By Michael Gold, Founder and CEO, Wealth Advisor
If you pay monthly for a smartphone, you probably know that the advertised price and the actual price for your monthly service are typically different.
For example, suppose you purchased a data plan advertised at $30 a month; it’s not unusual to pay upwards of 20% to 30% or more on a monthly basis once you factor in the activation fee, monthly taxes, insurance premiums, government-imposed fees and other miscellaneous administrative costs.
As a result, what felt like a good deal when you purchased your plan can feel very different once you receive your first monthly bill. And if you’re left wondering why the enthusiastic salesperson who sold you the plan didn’t walk you through those charges line-by-line, you may already know the answer. Why let fee transparency ruin a good sales pitch?
In the complex arena of wealth management and financial products, many investors may be left wondering what they are paying for, and many don’t even realize they are paying extra costs buried deep inside the financial products. As these are disclosed through a litany of investment prospectuses, layers of complexity and financial jargon can make the “hidden” fees difficult for many investors to understand or even find out what they are actually paying.
I am writing this letter to help you understand:
- What you are paying for
- The value a wealth manager should provide you
- How that correlates to your investment performance
- Some of the key questions you should ask your wealth manager before investing
Be wary of these “hidden fees” that are above and beyond the financial advisory fee:
- Operating expenses
- Expense ratios
- Front-end sales load (sales commission)
- Back-end lead (contingent deferred sales charge)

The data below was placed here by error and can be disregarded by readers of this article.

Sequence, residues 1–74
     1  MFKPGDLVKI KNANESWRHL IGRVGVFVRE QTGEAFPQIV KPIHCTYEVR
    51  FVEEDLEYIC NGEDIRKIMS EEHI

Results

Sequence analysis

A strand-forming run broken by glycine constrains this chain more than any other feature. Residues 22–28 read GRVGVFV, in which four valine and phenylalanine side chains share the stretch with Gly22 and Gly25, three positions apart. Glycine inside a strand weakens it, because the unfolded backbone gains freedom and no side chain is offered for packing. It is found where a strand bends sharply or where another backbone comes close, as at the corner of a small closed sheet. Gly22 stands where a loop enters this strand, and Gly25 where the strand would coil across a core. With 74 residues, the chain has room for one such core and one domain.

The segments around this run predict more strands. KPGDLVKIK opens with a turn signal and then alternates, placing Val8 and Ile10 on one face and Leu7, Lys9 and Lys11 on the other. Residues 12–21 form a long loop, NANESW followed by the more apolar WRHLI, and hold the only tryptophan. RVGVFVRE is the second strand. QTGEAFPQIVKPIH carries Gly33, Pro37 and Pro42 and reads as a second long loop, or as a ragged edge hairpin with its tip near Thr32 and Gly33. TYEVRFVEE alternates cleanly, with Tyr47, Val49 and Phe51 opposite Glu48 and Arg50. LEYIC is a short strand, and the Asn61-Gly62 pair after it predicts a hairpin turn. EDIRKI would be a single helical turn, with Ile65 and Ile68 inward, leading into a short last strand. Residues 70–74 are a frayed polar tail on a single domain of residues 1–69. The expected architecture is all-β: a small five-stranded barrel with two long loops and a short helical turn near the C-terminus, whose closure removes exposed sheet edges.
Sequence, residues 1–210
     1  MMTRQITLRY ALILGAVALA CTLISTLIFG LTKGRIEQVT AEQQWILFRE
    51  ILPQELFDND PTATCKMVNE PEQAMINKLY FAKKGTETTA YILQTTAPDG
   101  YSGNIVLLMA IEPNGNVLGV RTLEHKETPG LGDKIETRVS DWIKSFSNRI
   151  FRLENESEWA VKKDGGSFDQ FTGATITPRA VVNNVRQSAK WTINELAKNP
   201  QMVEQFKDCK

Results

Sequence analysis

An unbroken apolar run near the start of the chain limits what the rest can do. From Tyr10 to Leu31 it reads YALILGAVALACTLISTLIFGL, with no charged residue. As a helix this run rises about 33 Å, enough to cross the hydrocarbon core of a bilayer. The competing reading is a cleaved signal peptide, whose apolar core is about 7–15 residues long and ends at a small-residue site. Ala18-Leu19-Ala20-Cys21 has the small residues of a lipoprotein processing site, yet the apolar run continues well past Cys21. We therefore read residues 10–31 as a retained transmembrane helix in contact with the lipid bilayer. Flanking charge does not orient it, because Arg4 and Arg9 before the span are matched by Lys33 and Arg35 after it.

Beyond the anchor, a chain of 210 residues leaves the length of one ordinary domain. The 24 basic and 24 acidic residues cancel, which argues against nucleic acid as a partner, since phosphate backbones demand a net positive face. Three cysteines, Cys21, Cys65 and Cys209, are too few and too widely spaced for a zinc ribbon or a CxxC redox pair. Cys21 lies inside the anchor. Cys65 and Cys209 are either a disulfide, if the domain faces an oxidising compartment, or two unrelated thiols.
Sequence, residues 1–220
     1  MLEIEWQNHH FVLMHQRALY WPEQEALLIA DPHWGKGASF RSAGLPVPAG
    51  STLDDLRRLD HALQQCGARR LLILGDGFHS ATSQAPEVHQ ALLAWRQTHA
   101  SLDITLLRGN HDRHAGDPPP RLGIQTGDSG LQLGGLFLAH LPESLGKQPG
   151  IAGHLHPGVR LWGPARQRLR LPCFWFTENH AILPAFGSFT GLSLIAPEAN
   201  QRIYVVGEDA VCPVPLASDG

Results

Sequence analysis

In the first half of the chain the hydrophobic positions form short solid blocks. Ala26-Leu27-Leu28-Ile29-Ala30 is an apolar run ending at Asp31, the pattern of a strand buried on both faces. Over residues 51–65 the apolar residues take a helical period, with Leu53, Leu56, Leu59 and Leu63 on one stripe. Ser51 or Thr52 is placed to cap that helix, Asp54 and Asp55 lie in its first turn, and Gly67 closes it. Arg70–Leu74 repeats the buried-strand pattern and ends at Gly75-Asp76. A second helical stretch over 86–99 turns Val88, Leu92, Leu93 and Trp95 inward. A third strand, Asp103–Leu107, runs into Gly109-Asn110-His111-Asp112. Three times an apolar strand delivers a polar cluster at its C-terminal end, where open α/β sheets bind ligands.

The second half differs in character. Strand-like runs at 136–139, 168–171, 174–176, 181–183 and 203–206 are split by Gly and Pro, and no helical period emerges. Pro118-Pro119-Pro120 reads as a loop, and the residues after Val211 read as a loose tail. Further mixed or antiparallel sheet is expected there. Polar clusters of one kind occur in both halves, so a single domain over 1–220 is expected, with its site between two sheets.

- Redemption fees
- Exchange fees
- Account maintenance fees
- Purchase fees
- Management fees
- Distribution 12b-1 fees
- Other expenses
What about ETFs?
The common misconception investors have is thinking these index investments are free or really cheap. Here is the deal – according to Bloomberg, the average expense ratios for non-leveraged ETFs is 50 basis points. For specialty ETFs, such as commodity funds, the expense ratio can be as high as 1.5%.
The lack of disclosure required around certain hidden investment costs represents a real conflict of interest. Many hidden costs are often the result of revenue sharing arrangements, while others are a result of brokerage representatives directing clients toward high-cost, low-return investments rather than recommending quality investments that may be a better fit for the client’s situations and objectives. The lower return investments have hidden fees that benefit the brokerage firm at the investor’s expense.
In 2015, the President’s Council of Economic Advisors estimated these conflicts of interest resulted in losses of about one percentage point for affected investors annually. This amounts to a loss of $2,500 per year, or 1% on a portfolio valued at $250,000.
So, what are appropriate costs and what should you expect in value and benefits for these costs?
First and foremost, all fees should be fully transparent, included in your advisory agreement and detailed on your quarterly account statement. The fees to work with a wealth manager or financial advisor should be three-fold:
- Investment management and platform fees should range from 20-65 basis points depending on the style of professional management, as some investments are relatively simple and should be on the lower end of this range. Other investments are more involved and sophisticated and require a high skill set, which would place them on the higher end of the range. Generally speaking, a well-diversified portfolio will have a combination of these, and you should have a weighted average.
- Financial advisory/planning fees should range from 0.35% to 1.15% depending on the complexity of your plan and the amount of assets the firm is managing on your behalf. In general, the more assets under management, the lower on the range you would land.
- If you have a weighted average, your all-in fee range should typically range from 0.6% to 1.8% depending on the complexity of your financial plan, investment strategy and level of assets the firm is managing.